He always encouraged my interest in skiing, and he understood why I moved away from home after college to be a ski bum in Colorado. I know he would have loved to live in Colorado as well. Unfortunately, he had bad knees and 15 knee surgeries over his lifetime, so the snow and ice sent my folks to Florida to retire instead. My dad’s been gone for more than 21 years now, but I miss him all the time, especially around Father’s Day.

— Kristin Winn about her father, Harold Ragnar Rud



I remember when my dad…

...would be in charge of me on the weekends, mostly Saturdays. My mom worked five days a week and saved Saturday for chore day, and she’d mostly just want me out of the way. Back then, folks didn’t plan “play dates” as they do now. We just tagged along. 

Daddy loved the Saturday sales at Perry’s Auction. About belt-high, I would mingle among the crowd, ever so mindful not to step in “chew” or get spat on. Daddy would give me a nickel and I could get a soda pop (preferably orange) or an ice cream bar. Against the back fence were the cages of chickens and rabbits and tables of potatoes and onions. When it was all over, Daddy would stand in line at the little pay shack to claim whatever he had bought. Sometimes he’d bring home a box of miscellany for mother that would contain some antique dishes or knickknacks.

In the spring, I would just follow him around the garden as he rototilled, irrigated or planted. In the summer, we’d go fishing on Grand Mesa. He’d fish, and I’d sit up in the aspen trees, reading and carving my initials in a tree. I suppose these were play dates, but they weren’t about me. They were about my dad and his leisure time and me being there with him. He didn’t have to entertain me, he just had to be and let me be me.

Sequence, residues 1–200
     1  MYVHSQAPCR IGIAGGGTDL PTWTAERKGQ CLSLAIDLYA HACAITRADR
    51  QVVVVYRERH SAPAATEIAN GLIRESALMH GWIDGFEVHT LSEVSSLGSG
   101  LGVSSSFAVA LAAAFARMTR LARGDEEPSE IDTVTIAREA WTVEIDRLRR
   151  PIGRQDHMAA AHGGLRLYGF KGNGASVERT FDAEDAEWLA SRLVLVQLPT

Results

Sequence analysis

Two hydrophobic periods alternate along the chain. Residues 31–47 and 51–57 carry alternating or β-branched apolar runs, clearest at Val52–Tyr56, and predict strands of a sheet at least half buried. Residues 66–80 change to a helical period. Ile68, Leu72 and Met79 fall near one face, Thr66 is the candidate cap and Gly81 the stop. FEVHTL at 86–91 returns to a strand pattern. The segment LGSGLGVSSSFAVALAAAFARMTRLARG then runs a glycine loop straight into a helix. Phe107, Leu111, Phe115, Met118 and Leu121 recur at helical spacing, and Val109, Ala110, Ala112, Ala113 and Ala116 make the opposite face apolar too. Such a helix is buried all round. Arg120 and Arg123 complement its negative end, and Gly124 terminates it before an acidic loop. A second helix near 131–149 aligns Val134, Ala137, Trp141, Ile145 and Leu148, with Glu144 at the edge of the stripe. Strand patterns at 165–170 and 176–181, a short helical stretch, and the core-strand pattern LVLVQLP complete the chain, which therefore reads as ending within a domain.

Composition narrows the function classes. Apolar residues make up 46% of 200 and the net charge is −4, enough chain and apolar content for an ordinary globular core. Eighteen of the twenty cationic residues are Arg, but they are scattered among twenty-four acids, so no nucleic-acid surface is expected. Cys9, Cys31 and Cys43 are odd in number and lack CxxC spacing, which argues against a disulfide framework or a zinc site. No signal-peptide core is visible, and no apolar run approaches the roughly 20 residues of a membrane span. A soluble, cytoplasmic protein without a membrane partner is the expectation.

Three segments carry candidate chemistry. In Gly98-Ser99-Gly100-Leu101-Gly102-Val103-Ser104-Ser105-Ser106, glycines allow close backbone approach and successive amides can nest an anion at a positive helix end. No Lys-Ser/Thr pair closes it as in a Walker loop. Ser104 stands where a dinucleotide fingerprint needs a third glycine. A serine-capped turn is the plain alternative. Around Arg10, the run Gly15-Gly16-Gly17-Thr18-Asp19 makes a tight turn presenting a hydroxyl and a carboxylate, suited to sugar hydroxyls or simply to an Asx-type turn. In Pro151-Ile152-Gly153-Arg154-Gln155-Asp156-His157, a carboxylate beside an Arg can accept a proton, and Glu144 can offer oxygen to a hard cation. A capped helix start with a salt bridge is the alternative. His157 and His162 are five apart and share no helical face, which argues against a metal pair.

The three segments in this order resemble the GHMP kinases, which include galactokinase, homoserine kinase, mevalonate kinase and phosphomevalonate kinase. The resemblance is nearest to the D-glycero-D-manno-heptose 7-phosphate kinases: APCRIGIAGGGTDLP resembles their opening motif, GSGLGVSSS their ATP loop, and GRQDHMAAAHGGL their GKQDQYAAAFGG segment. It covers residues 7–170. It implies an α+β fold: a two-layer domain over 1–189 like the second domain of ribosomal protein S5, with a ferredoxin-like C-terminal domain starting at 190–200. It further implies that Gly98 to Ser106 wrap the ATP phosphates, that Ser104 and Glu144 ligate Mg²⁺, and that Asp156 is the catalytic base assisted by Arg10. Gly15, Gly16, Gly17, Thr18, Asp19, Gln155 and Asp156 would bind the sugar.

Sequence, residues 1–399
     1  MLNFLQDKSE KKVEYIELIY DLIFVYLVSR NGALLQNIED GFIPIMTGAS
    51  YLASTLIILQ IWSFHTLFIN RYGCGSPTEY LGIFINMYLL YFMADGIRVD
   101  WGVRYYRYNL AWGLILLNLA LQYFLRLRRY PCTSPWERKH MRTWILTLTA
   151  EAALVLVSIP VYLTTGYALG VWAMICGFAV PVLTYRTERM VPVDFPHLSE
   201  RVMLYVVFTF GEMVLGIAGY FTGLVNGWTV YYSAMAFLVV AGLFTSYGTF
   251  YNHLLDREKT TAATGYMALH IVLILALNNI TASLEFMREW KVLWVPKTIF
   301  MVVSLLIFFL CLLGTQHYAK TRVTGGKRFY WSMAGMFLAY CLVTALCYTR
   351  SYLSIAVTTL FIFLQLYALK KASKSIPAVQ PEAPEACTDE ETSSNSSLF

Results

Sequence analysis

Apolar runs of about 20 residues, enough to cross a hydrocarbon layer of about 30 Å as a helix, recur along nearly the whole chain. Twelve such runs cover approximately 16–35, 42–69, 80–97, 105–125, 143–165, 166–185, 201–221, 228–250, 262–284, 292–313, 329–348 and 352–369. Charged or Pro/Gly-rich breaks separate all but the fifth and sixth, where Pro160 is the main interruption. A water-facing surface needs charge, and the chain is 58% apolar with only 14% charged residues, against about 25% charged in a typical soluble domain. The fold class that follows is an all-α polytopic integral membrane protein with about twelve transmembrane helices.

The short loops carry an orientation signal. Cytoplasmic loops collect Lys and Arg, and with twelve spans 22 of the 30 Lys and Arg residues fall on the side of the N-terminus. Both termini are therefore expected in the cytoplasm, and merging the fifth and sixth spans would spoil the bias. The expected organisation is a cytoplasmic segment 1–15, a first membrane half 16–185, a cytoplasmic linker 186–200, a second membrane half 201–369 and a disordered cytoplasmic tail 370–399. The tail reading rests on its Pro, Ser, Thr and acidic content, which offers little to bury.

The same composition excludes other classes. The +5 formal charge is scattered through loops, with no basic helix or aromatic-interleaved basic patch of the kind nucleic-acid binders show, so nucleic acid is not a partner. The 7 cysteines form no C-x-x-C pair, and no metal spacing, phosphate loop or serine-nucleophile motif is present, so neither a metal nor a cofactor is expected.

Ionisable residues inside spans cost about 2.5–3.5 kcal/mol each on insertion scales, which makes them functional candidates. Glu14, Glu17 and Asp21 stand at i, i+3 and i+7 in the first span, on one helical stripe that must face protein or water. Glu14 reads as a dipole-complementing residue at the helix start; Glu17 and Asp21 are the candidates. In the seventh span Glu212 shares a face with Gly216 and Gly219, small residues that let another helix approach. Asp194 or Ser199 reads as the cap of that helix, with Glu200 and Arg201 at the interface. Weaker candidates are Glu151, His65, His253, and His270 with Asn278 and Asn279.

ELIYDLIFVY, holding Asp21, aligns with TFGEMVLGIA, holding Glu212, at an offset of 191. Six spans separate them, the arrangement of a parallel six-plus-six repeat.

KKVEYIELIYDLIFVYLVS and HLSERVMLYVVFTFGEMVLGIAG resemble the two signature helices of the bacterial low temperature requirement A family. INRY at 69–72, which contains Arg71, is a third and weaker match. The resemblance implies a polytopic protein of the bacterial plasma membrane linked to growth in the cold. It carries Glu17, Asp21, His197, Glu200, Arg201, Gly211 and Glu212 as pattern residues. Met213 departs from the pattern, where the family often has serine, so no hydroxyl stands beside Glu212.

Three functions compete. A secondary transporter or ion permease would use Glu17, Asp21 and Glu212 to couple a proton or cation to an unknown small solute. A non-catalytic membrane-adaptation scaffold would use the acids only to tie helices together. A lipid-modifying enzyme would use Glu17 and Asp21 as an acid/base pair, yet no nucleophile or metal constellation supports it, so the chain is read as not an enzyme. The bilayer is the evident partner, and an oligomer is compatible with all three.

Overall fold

— Priscilla Mangnall about her father, Louis Brown


I remember when my dad…

...was always daring us to do something. One day, my mom had made banana bread, and we had leftover refried beans from dinner. My dad dared us to eat the banana bread with refried beans on it. We told him we would only do it if he did it first. He did (and oddly found he liked the taste of it) and then the rest of us had to as well.

But the thing I remember most about my dad was that he was always there. He is not a person who hugs or shows emotion much, but I always knew how much he loved us because he always showed up to all of our events to support us and was always so proud no matter how we did. I can never express how much that meant to me and my siblings.

— Alisha Howard about her father, Greg Roles


I remember when my dad…

...was the love of my impressionable, 4-year-old heart.

Four-year-olds, of course, don’t understand the demands of adulthood, the realities of bills and relationships and running a household and raising a child and just plain making it all work.

Both my parents were babies themselves when they had me, their first. My mom was 19 and my dad was 23. They worked hard to do what they were supposed to as a young family, to not only make ends meet but to make life seem meaningful. I remember that time — the early 1980s — as a simpler one, an easier one somehow, to raise a child, to find that elusive happiness we all seem to want.

Or that’s my grown-up view of what it was like, back then. My mom and dad, who later divorced, may have a different view entirely.

My dad, back then, would take me to the neighborhood park in Stevens Point, Wisconsin, where I was born, and we played superheroes. I would strap red and blue plastic bracelets to my little-girl wrists and pretend to be Wonder Woman. He would be Batman and Robin and anyone else I wanted him to be and together we would fight bad guys.

We always won.

Wonder Woman, today, is my truth teller, my reminder to lead a brave life, to take chances, to not be afraid. To live with the naivete and wonder we all had when we were 4.

— Veronica Daehn Harvey about her father, Michael Daehn



I remember when my dad…